I tried to power until the end, but I just wanted off.
Bike Time: 1:20:18 (avg. 13.4 mph)

I then ran down the hill with bike back to transition. I think it must be a secret USAT rule that transition must be at the bottom of hill so that there can be a fun suicide run on bike legs.

I took some fluids and ran out. It was a little unclear where to go since I shifted so far back in the pack on the bike, but I found it.

T2 Time: 1:17

The run was five miles total, mostly on gravel roads, with the final mile on grass. (I can't escape this new found running friend, it seems.) Again, the course was open, but the volunteers had everything under control. I was just happy to be off the bike and out running. Just like Oswego, even though I did approximately zero bricks, I felt fine taking off on the run. I felt a little blah, but I think that was mostly heat-related.

I pushed myself to run until the first mile marker and then assess. I was pleased with my pace but felt strange on the different running surface, so I just focused on passing other runners one person at a time. I felt especially vindicated when I passed a guy wearing cargo shorts that I remembered from the bike because of his BMX-style helmet.
This is what the Tour de France actually looks like.

Then, to my total amazement, I spotted the other person I knew was in my age group.  I lost her on the swim and had almost forgotten about her. She was walking, but I wasn't sure if this was part of a planned strategy or not. I debated drafting her until the end and trying to fly under the radar, but I felt surprisingly good, so I went for it. Shortly after I made my move a volunteer asked her how she was doing, and her response was pretty garbled. I checked her results afterwards, and she might have walked the last three miles, I felt pretty sorry for her.

Obviously, I don't think I'm some amazing athlete for passing her, but I've never overtaken someone in my age group before and held a lead for a substantial period of time. The shot of adrenaline felt great, and it made me feel good about how my speed has really improved over the last year.

The turnaround was staffed by angels who gave me a cold towel. It was into the 80's at this point, without shade, and I really was able to keep pushing with their help. I didn't know what to do with it, so I ran with it in my tri top for awhile, before dumping it in a pile of towels along the road.

A little after four miles I hit the grassy section.

Off to the magical land of pain!
To my great surprise and joy, the grass was much more hard-packed dirt and singletrack type running than deep grass. I passed a few more people on this stretch and felt strong. We looped around the lake, and when I looked back, the girl from my age group was nowhere to be seen. It hurt, but I pushed myself to the end.

I know running through this was probably supposed to be fun, but it just stressed me out because I didn't know what to do with my tiny arms.
Run Time: 48:17 (avg. 9:40 min/mile)

Overall Time: 2:28:52

Little did I know, it was time for the culmination of the shady events. I checked the results and saw one person kicked my butt placed ahead of me, so I would be second of three. If there are only three people in my age group, I hate being last because accepting the "award" feels so lame. I enjoyed my banana and tiny cup of water with ease. (Yet another major oversight - I can't believe there were no water bottles at the end of the race.)

In any event, the awards began shortly thereafter. The third place finisher from the females 14-19 was still on the course, but I didn't think anything of it. While they were announcing the males 20-24, the girl I passed went up the RD. I rolled my eyes, thinking she had finished and was too antsy to realize they hadn't done our age group yet.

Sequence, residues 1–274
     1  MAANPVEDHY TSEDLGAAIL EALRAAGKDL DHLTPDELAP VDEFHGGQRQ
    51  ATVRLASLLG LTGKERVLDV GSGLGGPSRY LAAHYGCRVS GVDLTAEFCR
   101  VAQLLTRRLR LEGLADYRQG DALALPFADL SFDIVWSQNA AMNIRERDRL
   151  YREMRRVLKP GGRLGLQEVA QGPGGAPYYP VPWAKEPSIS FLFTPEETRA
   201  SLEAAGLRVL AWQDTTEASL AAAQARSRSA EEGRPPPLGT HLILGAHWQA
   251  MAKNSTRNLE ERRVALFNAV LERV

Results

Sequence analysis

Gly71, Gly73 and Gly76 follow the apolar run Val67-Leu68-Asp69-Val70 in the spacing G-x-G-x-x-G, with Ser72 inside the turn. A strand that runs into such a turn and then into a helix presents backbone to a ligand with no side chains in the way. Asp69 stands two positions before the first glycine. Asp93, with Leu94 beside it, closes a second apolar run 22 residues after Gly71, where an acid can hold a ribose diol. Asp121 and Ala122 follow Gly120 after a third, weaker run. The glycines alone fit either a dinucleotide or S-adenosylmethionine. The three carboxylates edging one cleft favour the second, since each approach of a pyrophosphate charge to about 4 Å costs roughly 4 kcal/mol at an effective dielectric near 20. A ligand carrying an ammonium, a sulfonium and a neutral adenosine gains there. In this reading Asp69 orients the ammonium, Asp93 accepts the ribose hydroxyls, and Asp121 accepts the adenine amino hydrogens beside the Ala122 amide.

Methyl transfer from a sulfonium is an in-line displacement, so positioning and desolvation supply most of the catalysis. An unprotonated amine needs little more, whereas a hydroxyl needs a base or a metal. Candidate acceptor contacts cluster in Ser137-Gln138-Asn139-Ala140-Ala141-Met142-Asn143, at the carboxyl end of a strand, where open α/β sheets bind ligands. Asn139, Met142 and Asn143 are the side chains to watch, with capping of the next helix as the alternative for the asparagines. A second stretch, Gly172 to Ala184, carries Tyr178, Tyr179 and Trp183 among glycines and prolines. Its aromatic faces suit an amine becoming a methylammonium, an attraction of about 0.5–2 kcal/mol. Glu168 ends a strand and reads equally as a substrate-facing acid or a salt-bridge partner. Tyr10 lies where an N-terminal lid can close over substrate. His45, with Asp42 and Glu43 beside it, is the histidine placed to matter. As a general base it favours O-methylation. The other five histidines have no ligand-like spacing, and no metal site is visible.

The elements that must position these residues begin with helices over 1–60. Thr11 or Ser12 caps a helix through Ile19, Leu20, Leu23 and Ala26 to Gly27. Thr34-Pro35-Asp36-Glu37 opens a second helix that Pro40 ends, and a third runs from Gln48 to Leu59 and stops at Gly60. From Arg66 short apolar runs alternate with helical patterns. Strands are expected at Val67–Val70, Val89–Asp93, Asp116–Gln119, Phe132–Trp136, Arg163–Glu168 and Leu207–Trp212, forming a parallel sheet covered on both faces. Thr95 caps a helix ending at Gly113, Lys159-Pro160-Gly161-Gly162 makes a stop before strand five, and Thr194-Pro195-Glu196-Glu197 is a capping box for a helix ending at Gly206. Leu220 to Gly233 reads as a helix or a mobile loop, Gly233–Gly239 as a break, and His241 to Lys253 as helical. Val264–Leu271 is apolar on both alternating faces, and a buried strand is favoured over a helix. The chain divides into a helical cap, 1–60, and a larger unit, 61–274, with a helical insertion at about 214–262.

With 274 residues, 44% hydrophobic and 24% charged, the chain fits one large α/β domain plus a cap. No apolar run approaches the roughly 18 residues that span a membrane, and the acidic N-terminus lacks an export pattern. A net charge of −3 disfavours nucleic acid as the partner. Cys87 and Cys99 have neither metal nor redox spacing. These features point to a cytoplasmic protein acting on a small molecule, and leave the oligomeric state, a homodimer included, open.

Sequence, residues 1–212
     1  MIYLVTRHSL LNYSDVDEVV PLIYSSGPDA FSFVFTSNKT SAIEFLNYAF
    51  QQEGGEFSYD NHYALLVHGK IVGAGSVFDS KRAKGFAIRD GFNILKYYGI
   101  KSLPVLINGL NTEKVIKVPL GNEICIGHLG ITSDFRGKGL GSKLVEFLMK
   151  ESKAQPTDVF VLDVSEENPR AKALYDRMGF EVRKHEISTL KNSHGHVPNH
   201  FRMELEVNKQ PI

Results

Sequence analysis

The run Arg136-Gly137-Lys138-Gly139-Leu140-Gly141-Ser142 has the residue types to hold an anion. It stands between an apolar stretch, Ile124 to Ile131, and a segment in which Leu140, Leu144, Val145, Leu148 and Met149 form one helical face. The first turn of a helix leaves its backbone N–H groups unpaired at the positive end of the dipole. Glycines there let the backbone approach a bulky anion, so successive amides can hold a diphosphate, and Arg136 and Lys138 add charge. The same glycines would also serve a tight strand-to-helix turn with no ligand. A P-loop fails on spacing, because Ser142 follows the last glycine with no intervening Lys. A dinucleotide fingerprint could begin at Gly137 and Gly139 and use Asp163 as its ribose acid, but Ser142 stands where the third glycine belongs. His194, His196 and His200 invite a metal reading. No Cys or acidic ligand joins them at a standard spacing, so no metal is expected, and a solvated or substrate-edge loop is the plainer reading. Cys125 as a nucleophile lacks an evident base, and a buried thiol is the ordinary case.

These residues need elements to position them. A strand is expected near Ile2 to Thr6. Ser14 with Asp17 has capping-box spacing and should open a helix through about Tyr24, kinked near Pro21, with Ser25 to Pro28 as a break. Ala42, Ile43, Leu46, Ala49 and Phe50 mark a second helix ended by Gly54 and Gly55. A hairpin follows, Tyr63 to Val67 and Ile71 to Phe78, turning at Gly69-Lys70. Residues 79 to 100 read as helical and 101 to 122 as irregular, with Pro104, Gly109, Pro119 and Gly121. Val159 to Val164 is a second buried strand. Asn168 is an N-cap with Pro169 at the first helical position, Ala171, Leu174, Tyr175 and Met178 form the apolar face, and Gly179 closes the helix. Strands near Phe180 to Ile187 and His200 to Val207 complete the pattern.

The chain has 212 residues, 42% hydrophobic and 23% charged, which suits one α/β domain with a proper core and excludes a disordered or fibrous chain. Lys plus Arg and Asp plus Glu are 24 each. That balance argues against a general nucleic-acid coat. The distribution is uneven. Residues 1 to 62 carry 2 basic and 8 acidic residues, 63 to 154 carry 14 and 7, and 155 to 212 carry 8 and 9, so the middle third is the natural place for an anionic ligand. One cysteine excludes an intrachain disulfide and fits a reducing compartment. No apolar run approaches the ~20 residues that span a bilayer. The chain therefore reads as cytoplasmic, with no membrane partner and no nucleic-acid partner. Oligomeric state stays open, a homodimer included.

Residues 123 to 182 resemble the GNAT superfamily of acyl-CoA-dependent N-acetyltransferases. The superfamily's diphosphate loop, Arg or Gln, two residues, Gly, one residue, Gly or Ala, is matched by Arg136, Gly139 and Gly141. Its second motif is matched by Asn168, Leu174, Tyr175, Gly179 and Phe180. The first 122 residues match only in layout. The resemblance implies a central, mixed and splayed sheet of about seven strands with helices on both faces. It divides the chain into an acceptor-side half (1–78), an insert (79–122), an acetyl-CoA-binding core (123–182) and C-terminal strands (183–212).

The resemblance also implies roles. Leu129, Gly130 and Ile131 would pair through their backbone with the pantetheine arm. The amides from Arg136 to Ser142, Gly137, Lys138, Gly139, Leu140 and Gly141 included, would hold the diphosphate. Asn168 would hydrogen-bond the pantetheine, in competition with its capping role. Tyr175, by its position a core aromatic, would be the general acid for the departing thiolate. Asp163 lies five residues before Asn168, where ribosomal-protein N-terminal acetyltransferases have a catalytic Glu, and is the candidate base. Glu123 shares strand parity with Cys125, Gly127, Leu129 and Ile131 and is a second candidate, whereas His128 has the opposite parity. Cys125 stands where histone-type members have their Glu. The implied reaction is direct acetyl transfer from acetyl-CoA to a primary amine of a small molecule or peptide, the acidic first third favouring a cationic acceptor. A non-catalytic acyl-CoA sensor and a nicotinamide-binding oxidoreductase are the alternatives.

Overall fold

Her parents went with her, too.
But then she got a glass. Because she was third for females 14-19.

My head nearly exploded. She was clearly body-marked as 20. I had totally cleaned her clock on the run, but I wasn't going to get credit for it. I lamely took my glass, but it felt embarrassing.

I tried to give Playmakers the benefit of the doubt at first, even though they had already messed up other basic USAT rules. However, I checked my age on the results, and I was listed as 20, even though my racing age is 21. I'm obviously aware of the rule, so I would've put 21 for my age during registration. However, we must have entered our birthdays instead, which mean Playmakers messed up and used our race-day ages, not our racing ages. In the case of someone bridging to the next age group, this actually makes an important difference.

I know I can get arbitrarily angry at times, but there's absolutely zero excuse for an athletic store that sponsors their own tri team to completely miss the boat on racing age.
Nice to meet you, I'm Playmakers.
I would not recommend this race at all. While it was their first year in this location, it was their fourth year organizing it. These rookie mistakes shouldn't happen. It makes me sad to give it two thumbs down because I love Playmakers, but this was just a bad bad experience.

The swag was at least nice. Most comfortable shirt ever.
I'm glad did this race, though. It was nice to round out my tri "schedule". It showed me I really need to work on my swim. Over the winter I'm going to go through the next five swim plans in my tri training book. I know swimming twice a week won't significantly increase my speed, but I'm hoping I can go into next season without needing to rest in a sprint or maybe even Olympic distance tri. (And unless someone gifts me a tri bike, I'm not going further than Olympic. It would just be no fun.)

I'm also happy with my results. My swim time was a tad bit faster, I did not spend an hour in T2, and my run pace was the same, even though the race was longer. My bike technically looks slower, but my bike computer registered the course as almost a mile long, so I believe my speed was actually better.

I'm really glad I added tris to my racing schedule. I like having a set plan for my cross-training, and the upper body strength makes a difference on my runs. I've only done two, but I think they'll push me out of my comfort zone for awhile yet.
Drown, ache, gasp for air.
The good news is that my first marathon is my next race, so I have nowhere to sublimate my worry anymore. One week until taper!